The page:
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For Global Regulated Participants, the Debate of Dodd-Frank is Brief

A holistic approach to wrangling a financial firm’s data across every area of its business and automating that function is critical. 

By Walter Ferstand, Sales Compliance Subject Matter Expert at IPC for Traders - first published May 11, 2017

While talk of repealing the Dodd-Frank Act has been at the fore of regulatory rollbacks vowed by the new U.S. administration, in most financial industry circles the sentiment is that a wholesale dismissal of the regulation is unlikely.  And though parts of the legislation are being targeted – ostensibly to recalibrate bank lending thresholds and protections under the Consumer Financial Protection Bureau – for millions of regulated market participants, the ship has sailed regarding ethical guidelines, communications standards, record-keeping and data compliance.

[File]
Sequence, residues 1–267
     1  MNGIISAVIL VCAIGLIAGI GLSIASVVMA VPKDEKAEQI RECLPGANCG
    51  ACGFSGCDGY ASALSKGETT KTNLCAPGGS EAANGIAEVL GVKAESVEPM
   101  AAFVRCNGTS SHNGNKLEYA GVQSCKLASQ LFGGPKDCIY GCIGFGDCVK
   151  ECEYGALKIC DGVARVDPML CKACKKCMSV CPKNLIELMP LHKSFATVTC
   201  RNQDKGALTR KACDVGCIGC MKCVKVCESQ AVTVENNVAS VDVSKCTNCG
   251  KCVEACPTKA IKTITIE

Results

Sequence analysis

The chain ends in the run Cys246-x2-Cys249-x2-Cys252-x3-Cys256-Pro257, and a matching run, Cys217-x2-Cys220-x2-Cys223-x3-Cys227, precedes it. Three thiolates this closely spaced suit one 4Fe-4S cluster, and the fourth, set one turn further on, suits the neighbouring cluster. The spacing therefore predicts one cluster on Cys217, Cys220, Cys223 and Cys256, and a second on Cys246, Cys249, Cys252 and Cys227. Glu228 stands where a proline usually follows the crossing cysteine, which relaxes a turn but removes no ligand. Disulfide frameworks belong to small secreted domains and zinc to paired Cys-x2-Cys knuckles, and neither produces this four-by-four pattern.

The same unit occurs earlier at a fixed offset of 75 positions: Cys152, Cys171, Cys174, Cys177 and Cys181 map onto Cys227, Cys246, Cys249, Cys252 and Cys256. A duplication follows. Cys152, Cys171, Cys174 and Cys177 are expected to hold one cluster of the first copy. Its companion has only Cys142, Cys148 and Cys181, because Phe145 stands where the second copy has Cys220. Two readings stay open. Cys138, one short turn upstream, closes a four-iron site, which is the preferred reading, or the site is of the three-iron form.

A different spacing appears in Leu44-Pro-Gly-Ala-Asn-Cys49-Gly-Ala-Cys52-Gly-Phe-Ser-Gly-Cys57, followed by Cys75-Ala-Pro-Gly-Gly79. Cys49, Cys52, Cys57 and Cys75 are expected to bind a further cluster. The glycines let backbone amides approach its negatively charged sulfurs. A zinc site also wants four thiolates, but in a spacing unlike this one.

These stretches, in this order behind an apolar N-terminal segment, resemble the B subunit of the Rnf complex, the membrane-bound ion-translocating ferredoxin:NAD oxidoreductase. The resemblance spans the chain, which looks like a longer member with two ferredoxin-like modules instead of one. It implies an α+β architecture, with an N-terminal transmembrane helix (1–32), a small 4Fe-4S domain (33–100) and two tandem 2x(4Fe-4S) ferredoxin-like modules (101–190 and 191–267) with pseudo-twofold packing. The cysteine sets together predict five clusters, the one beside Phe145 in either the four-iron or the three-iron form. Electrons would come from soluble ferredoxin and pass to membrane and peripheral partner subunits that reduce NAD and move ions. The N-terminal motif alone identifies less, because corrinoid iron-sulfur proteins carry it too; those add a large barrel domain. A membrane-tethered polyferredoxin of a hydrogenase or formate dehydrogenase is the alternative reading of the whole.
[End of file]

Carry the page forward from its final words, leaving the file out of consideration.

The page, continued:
The Dodd-Frank Act is often referenced as the post-2008 financial crisis law that, by defining dealer conduct standards, recordkeeping and reporting requirements and mandating trading on regulated exchanges, swap execution facilities and two-party transactions via clearinghouses, lowers risk and costs for businesses, consumers, and strengthens confidence in the market.  So what are financial firms and regulated participants to make of this repeal talk?  Even if changes were to include trading guidelines, for good reason, for most global financial firms it would (and should) be business as usual.